In one of the Middle East's key flashpoints, a group of Israelis and Palestinians are putting aside their differences and teaming up on the sports field to chase a common goal.

The Judean Rebels is the first West Bank team in Israel's amateur American football league. Most of the players are Jewish Israelis, many of them West Bank settlers, but five are Palestinian.

"You put on your helmet and you cease to be a Palestinian or a settler and you're just an offensive guard, or a defensive end," said Shlomo Schachter, a 29-year-old former Oberlin College offensive lineman who sports the sidelocks and skullcap of strictly traditional Jews. Like many of the Rebels, he was raised in the United States and played football in school.

The players insist they put aside their politics the minute they put on their orange jerseys and helmets, but off-the-field realities inevitably creep in.

Musa Elayyan, a 20-year-old Palestinian hotel worker in the West Bank city of Ramallah, said he often struggles to make it to practice because of delays at Israeli military checkpoints.

And although Elayyan is reluctant to talk about his political views, he said he believes in a one-state solution for Israelis and Palestinians — a position that calls for combining Israel and the Palestinian territories into a single country. Israelis almost universally oppose this view since it would mean the end of Israel as a Jewish state.

Schachter said he invited Elayyan and his brothers to play football last year because of their size. Elayyan played for his U.S. high school team in Colorado Springs, Colorado.

"I let them know beforehand that we're Arabs," said Elayyan, who only learned Arabic after moving with his family to Jerusalem in 2007. "We didn't want to make any problems."

Schachter's answer: "That's great. Let's play football."

Despite the camaraderie, other Rebels are blunt about their icy feelings toward Palestinians, especially after a pair of recent attacks in the West Bank.

"I see Palestinians as the enemy," said 28-year-old Uria Loberbom, a bulky defensive lineman who lives in the Sde Boaz settlement. "There's a war outside. ... Here, it's just a game."

The Rebels, who joined the seven-team local league last year, play at Kraft Stadium, donated by Robert Kraft, owner of the New England Patriots of the NFL. The artificial turf surface includes a Patriots logo at midfield. The team finished fourth in their first season after losing to the Tel Aviv Sabres in the semifinals. The new season starts in October.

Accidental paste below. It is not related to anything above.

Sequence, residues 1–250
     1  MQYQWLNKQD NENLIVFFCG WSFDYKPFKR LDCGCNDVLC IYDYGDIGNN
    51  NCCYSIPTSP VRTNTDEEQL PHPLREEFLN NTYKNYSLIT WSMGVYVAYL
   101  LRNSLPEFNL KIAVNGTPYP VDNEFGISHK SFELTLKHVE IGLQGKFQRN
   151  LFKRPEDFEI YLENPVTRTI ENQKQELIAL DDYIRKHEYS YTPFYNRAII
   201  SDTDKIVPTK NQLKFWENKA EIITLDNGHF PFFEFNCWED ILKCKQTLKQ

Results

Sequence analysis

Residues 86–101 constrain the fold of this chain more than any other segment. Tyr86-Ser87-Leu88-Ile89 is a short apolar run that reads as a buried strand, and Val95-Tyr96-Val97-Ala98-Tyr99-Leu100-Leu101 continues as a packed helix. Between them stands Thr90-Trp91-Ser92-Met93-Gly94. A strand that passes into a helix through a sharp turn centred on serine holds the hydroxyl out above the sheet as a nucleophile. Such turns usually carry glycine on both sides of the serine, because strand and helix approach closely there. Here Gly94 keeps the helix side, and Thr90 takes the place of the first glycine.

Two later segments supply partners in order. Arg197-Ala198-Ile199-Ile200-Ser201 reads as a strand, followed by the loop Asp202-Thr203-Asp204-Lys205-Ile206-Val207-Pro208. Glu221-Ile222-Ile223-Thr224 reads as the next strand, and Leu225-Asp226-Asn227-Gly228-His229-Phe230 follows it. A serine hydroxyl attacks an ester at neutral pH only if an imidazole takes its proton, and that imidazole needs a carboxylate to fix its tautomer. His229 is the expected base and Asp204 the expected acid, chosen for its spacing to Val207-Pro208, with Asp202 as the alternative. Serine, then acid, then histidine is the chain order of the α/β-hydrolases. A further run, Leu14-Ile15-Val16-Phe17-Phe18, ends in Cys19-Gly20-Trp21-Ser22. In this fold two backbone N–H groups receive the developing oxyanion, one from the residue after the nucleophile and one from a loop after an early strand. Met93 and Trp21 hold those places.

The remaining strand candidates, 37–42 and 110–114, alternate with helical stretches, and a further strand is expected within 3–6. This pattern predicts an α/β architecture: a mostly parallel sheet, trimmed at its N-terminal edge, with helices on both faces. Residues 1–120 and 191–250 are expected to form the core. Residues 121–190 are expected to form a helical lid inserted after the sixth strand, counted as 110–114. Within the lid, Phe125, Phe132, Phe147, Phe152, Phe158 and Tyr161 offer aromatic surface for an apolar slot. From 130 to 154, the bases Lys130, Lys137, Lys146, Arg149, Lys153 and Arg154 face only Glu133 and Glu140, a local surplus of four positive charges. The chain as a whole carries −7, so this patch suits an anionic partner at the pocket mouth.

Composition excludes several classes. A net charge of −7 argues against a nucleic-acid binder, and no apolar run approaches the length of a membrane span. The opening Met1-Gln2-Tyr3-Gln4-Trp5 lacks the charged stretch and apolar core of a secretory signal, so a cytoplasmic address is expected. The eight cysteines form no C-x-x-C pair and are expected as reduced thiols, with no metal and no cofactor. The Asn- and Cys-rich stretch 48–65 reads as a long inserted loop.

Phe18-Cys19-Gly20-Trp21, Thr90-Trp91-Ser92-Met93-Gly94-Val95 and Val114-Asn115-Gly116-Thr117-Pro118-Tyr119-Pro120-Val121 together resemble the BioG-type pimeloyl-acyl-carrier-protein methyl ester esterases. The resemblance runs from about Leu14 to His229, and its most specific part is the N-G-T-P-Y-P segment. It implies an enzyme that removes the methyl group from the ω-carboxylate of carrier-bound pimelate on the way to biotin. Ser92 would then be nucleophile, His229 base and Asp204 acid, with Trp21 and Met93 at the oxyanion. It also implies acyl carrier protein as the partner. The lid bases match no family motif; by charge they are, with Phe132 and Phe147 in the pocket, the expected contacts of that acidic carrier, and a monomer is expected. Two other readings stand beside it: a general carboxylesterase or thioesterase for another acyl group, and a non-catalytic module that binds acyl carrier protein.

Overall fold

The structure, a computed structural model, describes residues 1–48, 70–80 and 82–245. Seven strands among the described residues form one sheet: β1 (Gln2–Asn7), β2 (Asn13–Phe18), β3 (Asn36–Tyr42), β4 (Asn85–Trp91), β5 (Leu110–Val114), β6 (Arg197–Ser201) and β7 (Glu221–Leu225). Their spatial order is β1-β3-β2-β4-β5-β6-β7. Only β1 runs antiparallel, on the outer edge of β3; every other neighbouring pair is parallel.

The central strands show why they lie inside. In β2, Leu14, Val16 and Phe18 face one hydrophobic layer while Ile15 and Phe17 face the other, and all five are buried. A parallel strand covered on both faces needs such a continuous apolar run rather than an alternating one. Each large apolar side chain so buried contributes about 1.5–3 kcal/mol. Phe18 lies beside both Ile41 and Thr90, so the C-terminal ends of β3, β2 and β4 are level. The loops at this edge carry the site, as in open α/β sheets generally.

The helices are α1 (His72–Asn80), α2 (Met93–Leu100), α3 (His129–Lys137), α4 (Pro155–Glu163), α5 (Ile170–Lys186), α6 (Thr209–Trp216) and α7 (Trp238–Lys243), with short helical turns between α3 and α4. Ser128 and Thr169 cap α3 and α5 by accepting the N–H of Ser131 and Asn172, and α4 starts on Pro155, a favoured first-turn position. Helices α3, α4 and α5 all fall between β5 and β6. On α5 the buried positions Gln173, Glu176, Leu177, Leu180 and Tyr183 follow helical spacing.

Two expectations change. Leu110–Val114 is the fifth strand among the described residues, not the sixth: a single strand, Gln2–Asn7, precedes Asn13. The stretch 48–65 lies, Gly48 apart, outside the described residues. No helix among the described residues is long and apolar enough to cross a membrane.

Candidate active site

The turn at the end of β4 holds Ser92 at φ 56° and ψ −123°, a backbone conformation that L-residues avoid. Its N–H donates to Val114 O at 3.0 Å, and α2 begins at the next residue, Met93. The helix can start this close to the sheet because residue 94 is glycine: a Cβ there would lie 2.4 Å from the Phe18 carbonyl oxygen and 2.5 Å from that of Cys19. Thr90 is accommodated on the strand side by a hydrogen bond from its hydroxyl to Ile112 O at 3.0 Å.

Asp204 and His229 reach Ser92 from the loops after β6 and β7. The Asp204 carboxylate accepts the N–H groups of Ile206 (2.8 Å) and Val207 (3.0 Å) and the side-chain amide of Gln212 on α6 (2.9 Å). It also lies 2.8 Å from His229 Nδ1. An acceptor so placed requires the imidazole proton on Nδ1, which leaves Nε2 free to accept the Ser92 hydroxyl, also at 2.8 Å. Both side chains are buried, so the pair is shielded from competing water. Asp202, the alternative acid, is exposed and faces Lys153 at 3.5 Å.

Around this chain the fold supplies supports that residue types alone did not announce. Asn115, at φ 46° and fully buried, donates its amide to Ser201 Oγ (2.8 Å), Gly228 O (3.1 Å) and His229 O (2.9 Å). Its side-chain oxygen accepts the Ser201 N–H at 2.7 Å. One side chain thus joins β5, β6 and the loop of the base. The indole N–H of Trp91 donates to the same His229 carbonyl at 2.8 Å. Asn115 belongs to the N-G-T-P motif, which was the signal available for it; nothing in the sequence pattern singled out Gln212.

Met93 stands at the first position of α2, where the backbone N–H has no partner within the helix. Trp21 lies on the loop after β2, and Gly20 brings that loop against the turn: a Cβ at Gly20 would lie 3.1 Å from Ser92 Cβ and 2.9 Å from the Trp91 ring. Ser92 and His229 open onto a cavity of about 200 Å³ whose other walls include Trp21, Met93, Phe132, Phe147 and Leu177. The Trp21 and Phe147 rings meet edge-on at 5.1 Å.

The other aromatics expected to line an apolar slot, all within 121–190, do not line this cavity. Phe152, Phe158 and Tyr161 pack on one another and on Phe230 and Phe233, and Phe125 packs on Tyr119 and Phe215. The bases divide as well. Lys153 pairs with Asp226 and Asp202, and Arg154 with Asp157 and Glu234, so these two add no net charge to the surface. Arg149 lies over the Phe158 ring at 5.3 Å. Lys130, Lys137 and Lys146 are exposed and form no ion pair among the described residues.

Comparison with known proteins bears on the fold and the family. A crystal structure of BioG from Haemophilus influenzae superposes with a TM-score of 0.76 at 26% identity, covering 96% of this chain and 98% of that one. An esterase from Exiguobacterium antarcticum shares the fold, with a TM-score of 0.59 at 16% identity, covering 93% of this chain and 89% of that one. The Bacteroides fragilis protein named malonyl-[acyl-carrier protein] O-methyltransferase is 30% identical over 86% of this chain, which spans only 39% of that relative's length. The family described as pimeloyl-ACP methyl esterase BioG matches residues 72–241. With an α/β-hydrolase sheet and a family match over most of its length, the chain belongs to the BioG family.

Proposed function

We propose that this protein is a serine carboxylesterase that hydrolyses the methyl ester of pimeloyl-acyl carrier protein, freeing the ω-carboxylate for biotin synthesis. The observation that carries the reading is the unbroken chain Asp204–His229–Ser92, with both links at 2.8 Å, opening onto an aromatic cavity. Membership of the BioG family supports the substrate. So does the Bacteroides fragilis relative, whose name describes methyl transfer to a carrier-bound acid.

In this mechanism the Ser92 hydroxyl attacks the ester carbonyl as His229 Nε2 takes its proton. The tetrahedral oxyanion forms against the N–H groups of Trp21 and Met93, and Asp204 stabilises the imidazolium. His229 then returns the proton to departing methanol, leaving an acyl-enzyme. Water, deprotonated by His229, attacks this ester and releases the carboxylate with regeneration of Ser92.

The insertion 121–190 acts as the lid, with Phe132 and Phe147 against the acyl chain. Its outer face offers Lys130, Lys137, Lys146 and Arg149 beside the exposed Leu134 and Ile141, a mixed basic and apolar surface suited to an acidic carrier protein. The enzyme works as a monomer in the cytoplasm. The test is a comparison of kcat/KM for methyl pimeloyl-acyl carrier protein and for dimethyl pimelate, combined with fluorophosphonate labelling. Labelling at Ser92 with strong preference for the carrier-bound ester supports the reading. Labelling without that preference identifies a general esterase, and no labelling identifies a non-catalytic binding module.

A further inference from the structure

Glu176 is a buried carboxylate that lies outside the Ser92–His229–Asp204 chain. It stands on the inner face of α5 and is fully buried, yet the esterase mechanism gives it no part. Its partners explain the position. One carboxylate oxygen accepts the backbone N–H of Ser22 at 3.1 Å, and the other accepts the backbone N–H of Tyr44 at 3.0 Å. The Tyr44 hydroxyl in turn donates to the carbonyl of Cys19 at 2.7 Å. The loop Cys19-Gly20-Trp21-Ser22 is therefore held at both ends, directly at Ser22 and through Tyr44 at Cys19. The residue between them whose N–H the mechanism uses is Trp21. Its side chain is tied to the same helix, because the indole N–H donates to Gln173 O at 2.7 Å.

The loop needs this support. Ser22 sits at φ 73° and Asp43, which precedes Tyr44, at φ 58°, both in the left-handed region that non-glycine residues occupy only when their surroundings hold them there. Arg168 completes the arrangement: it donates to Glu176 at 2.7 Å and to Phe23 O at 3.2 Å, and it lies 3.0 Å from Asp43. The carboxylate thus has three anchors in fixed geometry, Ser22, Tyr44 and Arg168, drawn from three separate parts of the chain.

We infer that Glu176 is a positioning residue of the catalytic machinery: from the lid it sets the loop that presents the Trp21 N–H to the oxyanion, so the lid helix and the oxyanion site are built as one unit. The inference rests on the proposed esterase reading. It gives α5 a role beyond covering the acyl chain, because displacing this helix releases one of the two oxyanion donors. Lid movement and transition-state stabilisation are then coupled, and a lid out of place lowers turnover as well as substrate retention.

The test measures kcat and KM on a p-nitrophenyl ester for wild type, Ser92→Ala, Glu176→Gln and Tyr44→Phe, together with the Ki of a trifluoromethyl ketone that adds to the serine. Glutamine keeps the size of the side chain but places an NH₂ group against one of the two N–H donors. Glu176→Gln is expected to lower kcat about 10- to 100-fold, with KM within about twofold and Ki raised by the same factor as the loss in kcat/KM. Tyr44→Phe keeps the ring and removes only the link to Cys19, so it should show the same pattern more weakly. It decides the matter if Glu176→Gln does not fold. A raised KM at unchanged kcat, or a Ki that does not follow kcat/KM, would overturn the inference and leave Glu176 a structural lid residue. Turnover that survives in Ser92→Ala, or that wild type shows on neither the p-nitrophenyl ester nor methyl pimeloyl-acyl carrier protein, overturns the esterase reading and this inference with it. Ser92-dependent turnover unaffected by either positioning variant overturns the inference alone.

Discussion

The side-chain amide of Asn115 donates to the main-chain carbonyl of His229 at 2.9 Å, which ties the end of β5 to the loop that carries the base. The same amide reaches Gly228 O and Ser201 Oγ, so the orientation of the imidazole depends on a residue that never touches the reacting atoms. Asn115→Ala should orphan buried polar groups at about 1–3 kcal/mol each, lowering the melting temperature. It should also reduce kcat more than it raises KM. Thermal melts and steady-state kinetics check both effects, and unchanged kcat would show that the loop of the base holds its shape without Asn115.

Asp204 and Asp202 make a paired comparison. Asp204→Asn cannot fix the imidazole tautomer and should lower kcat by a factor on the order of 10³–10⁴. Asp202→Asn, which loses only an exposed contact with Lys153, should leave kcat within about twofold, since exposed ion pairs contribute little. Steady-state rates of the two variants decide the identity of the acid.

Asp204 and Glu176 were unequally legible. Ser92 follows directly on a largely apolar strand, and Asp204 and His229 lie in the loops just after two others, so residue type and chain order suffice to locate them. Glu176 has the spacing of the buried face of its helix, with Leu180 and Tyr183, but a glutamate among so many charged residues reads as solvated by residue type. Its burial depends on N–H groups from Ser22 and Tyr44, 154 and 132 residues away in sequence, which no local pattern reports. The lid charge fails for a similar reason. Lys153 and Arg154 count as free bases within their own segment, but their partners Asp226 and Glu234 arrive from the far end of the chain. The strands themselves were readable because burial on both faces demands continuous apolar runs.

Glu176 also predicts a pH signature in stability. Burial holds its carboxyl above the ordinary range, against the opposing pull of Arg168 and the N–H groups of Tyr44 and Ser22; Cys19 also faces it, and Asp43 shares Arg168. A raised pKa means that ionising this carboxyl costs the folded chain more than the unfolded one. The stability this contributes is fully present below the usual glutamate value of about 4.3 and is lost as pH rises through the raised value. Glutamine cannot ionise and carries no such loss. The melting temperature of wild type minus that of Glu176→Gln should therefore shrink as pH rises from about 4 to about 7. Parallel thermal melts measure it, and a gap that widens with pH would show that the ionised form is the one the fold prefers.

In the political arena, Israeli Prime Minister Benjamin Netanyahu is currently in peace talks with Palestinian President Mahmoud Abbas. Much of the rift between the two sides concerns Jewish settlements in the West Bank, and that extends to the Rebels. Many of the Jewish players on the team dream of building a 5,000-seat stadium in Efrat, a West Bank settlement outside Jerusalem.

Schachter hopes it will mark the beginning of a cultural "renaissance" in the area. But for now, the stadium remains on hold because the Israeli government has placed tight restrictions on new construction in West Bank settlements.

Schachter said he hopes that Palestinians will have access to the proposed sports facility, but said only the political climate of the time will decide that. Palestinian residents of the West Bank have limited access to settlements.

Elayyan struggled to articulate what he thought of the Efrat stadium, but insisted Palestinians should also be able to access it.

"If we can create a model here on the field to get people to work together," said Elayyan, slipping on his jersey, "then we can be used as an example for outside the field, too."